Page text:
Smile! You’re on zombie camera

Jimmie
DeLoach has got a lot of guts.

He
carries them around in a plastic Ziplock bag.

He
also carries a bewildering array of make-up, prosthetics and bottles of blood
as part of his job as a make-up artist who makes brides look gorgeous and
glamorous on their wedding day and then moves on to the more off-beat task of
turning actors and extras into zombies and monsters.

Mr.
DeLoach will be creating zombies for an upcoming horror movie called Zombie
Driftwood to be shot in North Side next month. The make-up artist, who moved to
Cayman from Georgia, US, where he had his own costume store and hairdressing
and make-up business, said he feels it was serendipitous that he, who has been
doing make-up and costumes for zombies through many years of Halloweens, arrived
in Cayman in time to take part in the Islands’ first zombie movie. “What are
the chances?” he asked.

Mr.
DeLoach came to the Caymanian Compass office last week to demonstrate how he
can turn someone into a zombie in about 20 minutes.

He
first affixed glue to the face, then stucs on a hideous prosthetic cheek –
replicating a face with half the flesh torn off and the back teeth showing
through the gory remains of the face. He then sprayed make-up on the face and
then sprayed once more using a blue-green colour so no-one was in any doubt
that a member of the undead was among them.

He
then daubed more glue on the arm and stuck on a seeping wound. He slopped fake
blood over the wounds on the face and arm, and then, for good measure,
splattered more blood over the neck and jaw so it dripped down in a disturbingly
realistic way. He opted, this time, not to include the intestines in the
Ziplock bag to his creation.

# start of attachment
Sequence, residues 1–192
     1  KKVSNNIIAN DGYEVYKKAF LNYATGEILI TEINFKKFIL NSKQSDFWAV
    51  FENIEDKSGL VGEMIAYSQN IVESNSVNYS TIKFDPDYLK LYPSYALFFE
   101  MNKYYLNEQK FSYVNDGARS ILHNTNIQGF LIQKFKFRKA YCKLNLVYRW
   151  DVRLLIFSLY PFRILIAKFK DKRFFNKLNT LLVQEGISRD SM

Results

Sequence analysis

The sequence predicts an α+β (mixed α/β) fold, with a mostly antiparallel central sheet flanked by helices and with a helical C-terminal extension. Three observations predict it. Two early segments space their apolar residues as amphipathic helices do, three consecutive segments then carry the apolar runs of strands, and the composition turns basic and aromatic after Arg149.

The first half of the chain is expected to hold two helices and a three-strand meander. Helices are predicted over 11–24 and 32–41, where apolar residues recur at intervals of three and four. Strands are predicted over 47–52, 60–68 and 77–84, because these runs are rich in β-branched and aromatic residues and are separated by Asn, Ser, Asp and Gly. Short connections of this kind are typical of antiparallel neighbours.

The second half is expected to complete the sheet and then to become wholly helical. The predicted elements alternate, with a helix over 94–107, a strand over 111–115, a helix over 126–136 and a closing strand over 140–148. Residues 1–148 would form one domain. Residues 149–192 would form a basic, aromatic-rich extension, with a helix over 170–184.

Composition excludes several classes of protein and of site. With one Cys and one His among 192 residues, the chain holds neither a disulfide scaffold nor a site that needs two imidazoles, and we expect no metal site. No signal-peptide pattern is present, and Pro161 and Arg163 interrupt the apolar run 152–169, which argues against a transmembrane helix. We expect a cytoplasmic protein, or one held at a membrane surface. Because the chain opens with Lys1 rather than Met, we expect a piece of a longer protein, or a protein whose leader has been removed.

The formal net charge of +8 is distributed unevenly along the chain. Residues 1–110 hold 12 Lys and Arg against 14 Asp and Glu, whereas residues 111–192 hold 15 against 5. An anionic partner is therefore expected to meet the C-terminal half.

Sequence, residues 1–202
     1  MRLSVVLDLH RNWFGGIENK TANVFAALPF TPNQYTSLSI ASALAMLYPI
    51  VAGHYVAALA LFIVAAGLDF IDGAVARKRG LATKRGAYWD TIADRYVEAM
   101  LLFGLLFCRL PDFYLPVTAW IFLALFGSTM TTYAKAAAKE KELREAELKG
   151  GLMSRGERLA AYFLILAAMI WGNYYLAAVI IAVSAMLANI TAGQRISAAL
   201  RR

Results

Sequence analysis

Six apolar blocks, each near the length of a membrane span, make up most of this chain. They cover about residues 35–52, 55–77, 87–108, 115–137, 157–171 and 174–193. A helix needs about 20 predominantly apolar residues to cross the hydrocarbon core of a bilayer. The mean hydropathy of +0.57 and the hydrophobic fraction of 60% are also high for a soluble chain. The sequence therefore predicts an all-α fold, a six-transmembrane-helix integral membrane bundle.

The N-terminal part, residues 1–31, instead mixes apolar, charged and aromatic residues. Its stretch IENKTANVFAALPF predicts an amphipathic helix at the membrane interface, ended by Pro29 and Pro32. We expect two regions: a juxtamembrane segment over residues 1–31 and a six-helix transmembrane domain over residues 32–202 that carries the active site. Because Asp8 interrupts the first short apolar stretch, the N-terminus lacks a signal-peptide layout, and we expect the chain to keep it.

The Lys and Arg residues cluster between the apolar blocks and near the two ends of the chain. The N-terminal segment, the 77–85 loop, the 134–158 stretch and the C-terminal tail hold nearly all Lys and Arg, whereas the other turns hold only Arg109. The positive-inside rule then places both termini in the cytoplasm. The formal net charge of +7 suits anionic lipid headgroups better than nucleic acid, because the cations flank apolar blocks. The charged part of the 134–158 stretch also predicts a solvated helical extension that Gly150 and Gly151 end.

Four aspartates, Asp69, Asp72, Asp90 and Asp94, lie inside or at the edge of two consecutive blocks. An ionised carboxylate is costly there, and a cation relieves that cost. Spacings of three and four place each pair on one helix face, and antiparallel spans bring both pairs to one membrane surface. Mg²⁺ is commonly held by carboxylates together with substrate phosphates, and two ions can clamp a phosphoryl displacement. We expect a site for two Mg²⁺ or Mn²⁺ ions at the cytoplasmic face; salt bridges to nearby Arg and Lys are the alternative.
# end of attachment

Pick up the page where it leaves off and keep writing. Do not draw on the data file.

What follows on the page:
Sitting
in an office chair, the procedure of being turned into a zombie took about 20
minutes – on the set next month, it may take even less time for each zombie to
come to life.

The
film makers behind Zombie Driftwood, Scottish producer, director and screenwriter
Bob Carruthers and local producer Elizabeth Henning of Caymana Productions said
that as well as making a movie, they also want to help teach local people who
are interested in making a career in film. They are working with the Cayman
Islands Film Commission to get the project off the ground.

Mr.
DeLoach said he will train make-up artists to work on the set who will
effectively become part of a zombie make-up assembly line.

“If
we’ve got 50 people, we’ll line them up, I’ll put the prosthetic on them, then
they go to the end of the line, and when I see them again, they’re ready for
the blood,” he said. “It’s the only way to do it in a production like this.”

He
added: “When you’ve got an apprentice, they’re watching you and you assign them
something to do, something to add on. It’s not a one-man show.”

The
make-up artist has already worked on a number of recent theatre productions,
including Moon Over Buffalo and One Black One White.

The
film has already been cast and read-throughs and rehearsals are now being held,
including one at the Driftwood Bar this month where most of the action will
take place.

The
movie was written by Driftwood Bar owner Phil Eckstein.

“We’re
getting people who are interested in all elements of movie-making – cameras,
lights, make-up, acting,” Ms Henning said.

Cayman’s
public has expressed a lot of interest in the film. Already, more than 100
people have contacted her about being zombie extras in the movie and she is
compiling a database of names.

A
meeting to invite investors to invest in the movie is scheduled for Friday, 4
June. One hundred shares, at a cost of $5,000 each, are up for grabs and that
entitles the holder to 0.5 per cent of the profits. Investors will also get a
chance to be a zombie in the movie, if they want to.

Most
of the filming of Zombie Driftwood is expected to be done over the last two
weeks of June.

Anyone
interested in taking part as an extra or in getting more information can email
Ms Henning at [email protected] or visit the movie’s website at www.zombiedriftwood.com.

CAYMANLIFEZombiecameraSTORY

Make-up artist Jimmie DeLoach tastes his handiwork as he pretends to bite the arm of Caymanian Compass reporter Norma Connolly.
Photo: Stephen Clarke